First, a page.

Hetty King

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For other uses, see Hetty King (disambiguation).
Hetty King
King, Hetty - 1910 (male impersonator).jpg
1910 sheet music cover
Born Winifred Emms
(1883-04-21)21 April 1883
Wallasey, Cheshire
Died 28 September 1972(1972-09-28) (aged 89)
Wimbledon, London
Occupation Music hall male impersonator
Spouse(s) Ernie Lotinga (1901)
Alexander William Lamond (1918)

Winifred Emms (4 April 1883 – 28 September 1972[1]), best known by her stage name Hetty King, was an English entertainer who played in the music halls over a period of 70 years.

Birth[edit]

Emms was born in New Brighton, a seaside resort in Cheshire, and performed with her father on the beach in a company of minstrels.

Career[edit]

Emms adopted the name Hetty King when she first appeared on the stage of the Shoreditch Theatre,[2] at the age of six with her father, William Emms (1856–1954), a comedian who used the stage name of Will King. For the week commencing 10 December 1904 she topped the programme at the newly opened (by 10 days) Empire-Hippodrome in Ashton-under-Lyne, billed as "The Society Gem". It was her first of many appearances at this theatre, part of the Broadhead circuit.[3] By 1905, she was appearing in music halls, with her solo act, as a male impersonator, often dressed as a "swell". Her career spanned both World Wars when she performed in the uniform of either a soldier or a sailor. In the First World War her act included, in 1916, "Songs the soldiers sing" in which she sang some of the less ribald songs invented by soldiers in the trenches.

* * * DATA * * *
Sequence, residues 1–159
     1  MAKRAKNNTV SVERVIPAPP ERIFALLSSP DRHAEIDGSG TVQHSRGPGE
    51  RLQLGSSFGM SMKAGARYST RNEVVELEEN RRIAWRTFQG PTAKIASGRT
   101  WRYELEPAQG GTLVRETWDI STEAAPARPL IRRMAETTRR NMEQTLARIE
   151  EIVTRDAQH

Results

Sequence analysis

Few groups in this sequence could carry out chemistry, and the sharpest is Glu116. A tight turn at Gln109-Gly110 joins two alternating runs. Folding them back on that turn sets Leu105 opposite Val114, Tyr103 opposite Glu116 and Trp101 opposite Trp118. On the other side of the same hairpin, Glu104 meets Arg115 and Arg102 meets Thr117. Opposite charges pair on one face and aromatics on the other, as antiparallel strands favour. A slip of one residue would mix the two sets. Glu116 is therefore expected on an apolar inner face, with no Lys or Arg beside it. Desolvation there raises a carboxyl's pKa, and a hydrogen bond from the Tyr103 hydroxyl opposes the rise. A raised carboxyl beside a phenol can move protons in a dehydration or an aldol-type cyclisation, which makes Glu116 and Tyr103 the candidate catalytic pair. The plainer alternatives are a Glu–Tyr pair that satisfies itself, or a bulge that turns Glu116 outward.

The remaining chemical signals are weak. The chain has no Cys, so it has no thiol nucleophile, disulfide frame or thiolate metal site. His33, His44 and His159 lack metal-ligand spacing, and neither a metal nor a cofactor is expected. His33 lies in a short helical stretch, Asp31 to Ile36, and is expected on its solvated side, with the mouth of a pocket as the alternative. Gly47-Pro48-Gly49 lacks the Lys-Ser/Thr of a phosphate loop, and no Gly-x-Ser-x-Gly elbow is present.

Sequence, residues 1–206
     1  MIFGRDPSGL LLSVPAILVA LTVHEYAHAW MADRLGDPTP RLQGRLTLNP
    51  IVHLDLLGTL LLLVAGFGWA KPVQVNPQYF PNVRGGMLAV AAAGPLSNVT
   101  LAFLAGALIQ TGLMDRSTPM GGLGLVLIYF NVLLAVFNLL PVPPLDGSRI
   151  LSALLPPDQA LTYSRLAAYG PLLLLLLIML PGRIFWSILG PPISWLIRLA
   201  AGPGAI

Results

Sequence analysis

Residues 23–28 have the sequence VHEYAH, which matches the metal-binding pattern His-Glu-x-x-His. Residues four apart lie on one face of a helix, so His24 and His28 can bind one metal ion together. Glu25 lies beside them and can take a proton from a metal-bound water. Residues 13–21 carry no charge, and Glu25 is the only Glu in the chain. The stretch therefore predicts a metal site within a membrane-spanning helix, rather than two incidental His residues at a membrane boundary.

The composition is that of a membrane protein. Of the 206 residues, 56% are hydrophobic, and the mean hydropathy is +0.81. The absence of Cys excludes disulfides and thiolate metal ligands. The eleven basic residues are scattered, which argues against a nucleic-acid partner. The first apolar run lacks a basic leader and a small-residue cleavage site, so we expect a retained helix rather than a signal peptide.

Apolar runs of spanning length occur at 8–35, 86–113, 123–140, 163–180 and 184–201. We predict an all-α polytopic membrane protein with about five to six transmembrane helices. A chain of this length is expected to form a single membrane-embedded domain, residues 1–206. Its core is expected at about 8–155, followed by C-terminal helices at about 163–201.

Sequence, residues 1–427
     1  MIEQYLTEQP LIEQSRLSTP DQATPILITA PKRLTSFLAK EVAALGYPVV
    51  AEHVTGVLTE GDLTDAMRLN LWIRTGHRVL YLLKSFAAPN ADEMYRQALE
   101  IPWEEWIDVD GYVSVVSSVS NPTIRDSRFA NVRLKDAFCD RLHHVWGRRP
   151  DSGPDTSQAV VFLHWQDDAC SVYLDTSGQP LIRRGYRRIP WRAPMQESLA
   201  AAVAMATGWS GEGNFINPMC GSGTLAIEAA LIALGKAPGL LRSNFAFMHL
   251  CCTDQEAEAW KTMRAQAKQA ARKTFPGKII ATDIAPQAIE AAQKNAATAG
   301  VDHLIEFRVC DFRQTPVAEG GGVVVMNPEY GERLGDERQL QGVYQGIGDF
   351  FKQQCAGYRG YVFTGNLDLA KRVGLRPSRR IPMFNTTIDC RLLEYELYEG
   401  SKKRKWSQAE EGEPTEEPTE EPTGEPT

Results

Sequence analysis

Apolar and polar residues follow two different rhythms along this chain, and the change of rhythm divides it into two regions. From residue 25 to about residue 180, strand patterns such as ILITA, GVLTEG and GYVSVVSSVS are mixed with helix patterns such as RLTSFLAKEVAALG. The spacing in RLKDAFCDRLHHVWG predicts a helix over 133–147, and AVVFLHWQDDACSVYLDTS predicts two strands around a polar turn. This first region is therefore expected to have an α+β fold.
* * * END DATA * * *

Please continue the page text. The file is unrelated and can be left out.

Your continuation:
She also played the "principal boy" in many pantomimes. She continued to entertain until the end of her life, touring with the show Thanks for the Memory.

Family[edit]

She was married to actor and writer Ernie Lotinga (aka Ernest) (1876–1951), born in Sunderland. Her husband was a music hall comedian, singer and theatre proprietor, appearing as Dan Roe from 1898, who appeared in films in the 1920s and 1930s, often as the comic character PC Jimmy Josser. They divorced in 1917, decree nisi being granted on Friday 16 March by Sir Samuel Evans on the grounds of Miss King's misconduct with the vaudeville artist and actor Mr Jack Norworth. The divorce was not contested.[4]

Her half sister Olive Emms was also an actress and her half brother, Harold Emms, wrote many of Hetty's songs with his French wife, Francine.

The family were not related to H. Vernon Watson (1886–1949), the music hall artist performing under the sobriquet Nosmo King.

Hetty King was cremated at Golders Green Crematorium.

Commemoration[edit]

On 8 November 2010 a commemorative blue plaque was erected to King at her last residence in Wimbledon by the theatre charity The Music Hall Guild of Great Britain and America.

Songs recorded[edit]

1907 sheet music cover
  • All the nice Girls Love a Sailor (also known as Ship Ahoy)
  • Piccadilly
  • Tell her the Old, Old Story
  • Down by the Riverside
  • I'm Going Away
  • Now I'm Home Again
  • Bye Bye Bachelor Days
  • Love 'em & Leave 'em Alone
  • Fill 'em up
  • Oh Girls, why do you Love the Soldiers
  • What Does A Sailor Care?
  • I'm Afraid to Come Home in the Dark

Film[edit]

Hetty King appeared in the movie Lilacs In The Spring (1954), which was directed by Herbert Wilcox and starred Anna Neagle and Errol Flynn. Towards the end of her career, aged 87, she appeared in a film entitled Hetty King – Performer (1970).

References[edit]

  1. ^ BFI biography accessed 21 June 2007
  2. ^ Music hall pantomime accessed 21 June 2007. This site gives date of first appearance as 1897, i.e. when she was four. However, other biographies generally give the age of six, at the same theatre.
  3. ^ [Empire-Hippodrome archive, Tameside Heritage Centre, Ashton-u-Lyne, Gtr Manchester]
  4. ^ Cambrian Daily Leader 23 March 1917

Interviewed on BBC Desert Island Discs 14 April 1969 - Can be heard via BBC iplayer